Emerging as a Pixies side project for Kim Deal, their signature song is “Cannonball” from their album Last Splash. I bought this when I was down from Kimba, in Adelaide to undertake my first City to Bay fun run. My aim for the gently downhill twelve kilometres was modest. I wanted to break the hour mark.

The run was Sunday morning, the day after the 1993 preliminary final between the Adelaide Crows and Essendon Bombers. I watched it in Magill with a couple mates who were enjoying some footy beers. Adelaide was up by 42 points at half time. How exciting was this? We were going to our first grand final!

As things unravelled in the second half I was tempted to apply some medicinal lagers, but resisted as I’d been training for two months. Of course we lost and a week later Essendon claimed an unlikely premiership.

I completed the run in 58 minutes.

Last Splash is an eclectic listen comprising surf music, off-kilter ballads and infectious pop. “Saints” recounts a summery day at the fairground, but through an alternative prism. There’s disconnected imagery and a driving beat with Kelley Deal on a growling guitar. Invited by her sister Kim to join the band as a guitarist presented but one problem: Kelley did not know how to strum a chord. “Saints” shows she picked it up pretty well.

The following Christmas I was in Wellington, the capital of New Zealand, on a Contiki tour.  I learnt that the Breeders were playing a small venue around the corner from our digs. I didn’t go because I had to drink Steinlagers in a pub with other Australians and talk footy and cricket. As Australians do when overseas in beautiful places they might never again visit.







I wrote this memoir about a decade ago. It won me a trip to Darwin for the national English teachers’ conference the highlight of which was sneaking off to Adelaide River and seeing the jumping crocodiles.

Of course.


Classrooms, for me, are largely about voices. These voices shout, whisper and demand. Guiding some to sing roughly in tune and gently handing a microphone to the shy student who just might sing like an angel are among our challenges. Now more than ever, it’s vital that students and teachers have voices that leap into laughter. As often as possible.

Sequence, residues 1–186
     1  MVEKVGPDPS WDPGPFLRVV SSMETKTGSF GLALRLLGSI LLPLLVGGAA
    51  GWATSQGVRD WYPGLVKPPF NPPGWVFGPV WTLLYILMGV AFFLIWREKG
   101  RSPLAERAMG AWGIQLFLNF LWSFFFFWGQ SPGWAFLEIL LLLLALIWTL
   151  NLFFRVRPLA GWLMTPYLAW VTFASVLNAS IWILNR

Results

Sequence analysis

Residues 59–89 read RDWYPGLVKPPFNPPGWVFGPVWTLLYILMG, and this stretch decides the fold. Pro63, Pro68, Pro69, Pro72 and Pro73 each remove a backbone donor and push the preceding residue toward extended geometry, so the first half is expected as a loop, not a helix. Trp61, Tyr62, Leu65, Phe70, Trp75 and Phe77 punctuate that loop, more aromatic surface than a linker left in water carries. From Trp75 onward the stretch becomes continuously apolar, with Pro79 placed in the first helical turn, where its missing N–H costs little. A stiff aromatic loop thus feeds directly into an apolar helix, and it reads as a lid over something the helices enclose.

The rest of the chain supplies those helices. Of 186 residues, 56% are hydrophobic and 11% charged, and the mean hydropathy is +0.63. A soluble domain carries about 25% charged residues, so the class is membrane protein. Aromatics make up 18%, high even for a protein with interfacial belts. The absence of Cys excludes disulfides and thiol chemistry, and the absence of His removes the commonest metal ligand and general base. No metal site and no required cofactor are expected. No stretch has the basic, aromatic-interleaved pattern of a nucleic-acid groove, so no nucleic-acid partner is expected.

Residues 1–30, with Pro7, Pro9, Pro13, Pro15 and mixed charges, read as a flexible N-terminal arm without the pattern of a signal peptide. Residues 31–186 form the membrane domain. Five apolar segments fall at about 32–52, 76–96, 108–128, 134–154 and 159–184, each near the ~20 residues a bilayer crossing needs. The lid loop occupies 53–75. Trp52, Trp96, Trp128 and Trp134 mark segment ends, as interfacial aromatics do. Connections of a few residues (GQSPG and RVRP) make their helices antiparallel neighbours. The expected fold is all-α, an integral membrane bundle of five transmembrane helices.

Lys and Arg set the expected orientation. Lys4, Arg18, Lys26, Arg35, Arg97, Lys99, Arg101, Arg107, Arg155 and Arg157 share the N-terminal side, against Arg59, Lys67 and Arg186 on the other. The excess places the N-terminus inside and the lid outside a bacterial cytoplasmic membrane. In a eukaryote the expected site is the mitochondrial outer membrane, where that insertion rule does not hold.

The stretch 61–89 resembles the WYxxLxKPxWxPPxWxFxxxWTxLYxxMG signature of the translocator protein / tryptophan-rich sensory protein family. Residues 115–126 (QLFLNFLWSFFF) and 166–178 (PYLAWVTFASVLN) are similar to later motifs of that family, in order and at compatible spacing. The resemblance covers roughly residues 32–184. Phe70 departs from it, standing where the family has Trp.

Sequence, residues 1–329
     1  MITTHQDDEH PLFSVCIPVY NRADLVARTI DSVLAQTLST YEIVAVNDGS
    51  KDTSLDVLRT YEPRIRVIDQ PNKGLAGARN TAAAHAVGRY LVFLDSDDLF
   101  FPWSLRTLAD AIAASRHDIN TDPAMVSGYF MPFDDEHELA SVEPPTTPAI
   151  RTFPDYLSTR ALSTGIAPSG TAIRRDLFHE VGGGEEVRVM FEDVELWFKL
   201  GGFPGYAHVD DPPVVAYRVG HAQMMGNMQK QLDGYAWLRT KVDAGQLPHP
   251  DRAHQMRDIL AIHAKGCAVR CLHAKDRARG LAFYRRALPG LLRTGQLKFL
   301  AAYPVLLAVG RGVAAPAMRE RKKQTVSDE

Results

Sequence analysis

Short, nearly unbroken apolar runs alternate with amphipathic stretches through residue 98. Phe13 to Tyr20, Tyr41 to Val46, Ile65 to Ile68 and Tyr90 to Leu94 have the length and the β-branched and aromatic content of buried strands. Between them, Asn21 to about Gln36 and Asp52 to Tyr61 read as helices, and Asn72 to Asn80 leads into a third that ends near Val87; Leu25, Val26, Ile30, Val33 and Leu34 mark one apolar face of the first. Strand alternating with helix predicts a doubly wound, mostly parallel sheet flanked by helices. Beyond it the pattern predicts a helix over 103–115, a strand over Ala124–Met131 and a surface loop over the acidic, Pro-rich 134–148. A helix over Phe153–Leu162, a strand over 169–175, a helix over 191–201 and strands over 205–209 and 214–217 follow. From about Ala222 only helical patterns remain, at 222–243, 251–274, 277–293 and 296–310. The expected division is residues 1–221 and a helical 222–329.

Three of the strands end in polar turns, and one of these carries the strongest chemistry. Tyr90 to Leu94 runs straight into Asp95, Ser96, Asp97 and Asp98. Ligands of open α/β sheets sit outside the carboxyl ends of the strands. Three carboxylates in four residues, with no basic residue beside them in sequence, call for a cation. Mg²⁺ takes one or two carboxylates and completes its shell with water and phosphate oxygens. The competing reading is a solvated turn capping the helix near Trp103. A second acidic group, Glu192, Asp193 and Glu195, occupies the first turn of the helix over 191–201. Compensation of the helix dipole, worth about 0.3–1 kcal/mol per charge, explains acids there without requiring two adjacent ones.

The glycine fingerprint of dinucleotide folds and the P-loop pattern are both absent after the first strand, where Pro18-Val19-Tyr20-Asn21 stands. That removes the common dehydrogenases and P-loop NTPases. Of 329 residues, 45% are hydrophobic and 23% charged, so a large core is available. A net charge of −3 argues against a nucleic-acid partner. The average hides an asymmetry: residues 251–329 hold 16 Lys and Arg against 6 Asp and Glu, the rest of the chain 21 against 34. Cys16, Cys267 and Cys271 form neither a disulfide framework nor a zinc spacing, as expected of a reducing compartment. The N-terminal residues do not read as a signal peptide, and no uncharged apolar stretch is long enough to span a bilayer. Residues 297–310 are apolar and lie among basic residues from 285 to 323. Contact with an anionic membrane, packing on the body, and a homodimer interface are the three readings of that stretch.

Many years ago, to conclude SAS English, pupils were invited to write a so-called ‘warm report’, summarising their successes. One student, for whom spelling was difficult, triumphantly declared to me that, ‘he had enjoyed improving his pubic speaking.’

Whilst in the UK a Year 10 class and I were crawling through an endless media unit from which the authorities had untimely ripped all the joy. One morning, instead of asking, ‘Sir, are we doing media today,’ one girl mistakenly said- without irony- ‘Sir, are we still doing mediocrity today?’ I could only reply, ‘Not just today, my little hombre, not just today.’

I’d just returned some coursework to- my fingers are trembling as I type this- a streamed, bottom-set Year 11 English class. One boy- I’ll call him Edward- began loudly announcing, somewhat curiously, that he’d gotten a G (Yes, it’s true, the UK system utilises the esteem-crushing F, G and U). His classmate Kyle started hollering, ‘A G! A G! Edward! What is wrong with you? You’re so thick.’ Kyle then glanced at his own work and with an utterly honest face, enquired, ‘Sir- is an F better than a G?’

Following their SATs, Year 9’s in England sometimes assemble a course work folder for internal moderation. On the accompanying coversheet, each writes a paragraph in which they reflect on their year’s achievements and a sweet, amenable girl concluded, ‘I have learnt not to use words that are unnecessary- and not needed.’

Recently, a boisterous lad was growing restless and distracted during his classmates’ oral presentations. I asked him, as you do, to concentrate and focus. Instead of replying that he’d promise to be more productive; he looked me in the eye, nodded and with total sincerity said that, in future, in class, he’d, ‘try to be more reproductive.’

At the school farm a healthy chicken became, unfortunately, a deceased chicken when a student unintentionally jumped on it. Days later, the boy lingered after English, glum-faced with notoriety and asked, ‘Did you hear about what I did the other day?’ Saying that I was sorry for his troubles, I added supportively, ‘So, how are you going?’ With a philosophical giggle, he said, ‘Well, much better than the chicken.’

Once I heard a Triple J announcer enthuse that educators, ‘create lives’ and I’ve tried to make this the chorus in my teaching. Spoken and written voices are the mesmerizing soundtrack of our schools and to create lives, our shared spaces must resonate with the music of golden laughter.

Thanks to Larry Sellers of The Big Lebowski for this (rather poor) homework.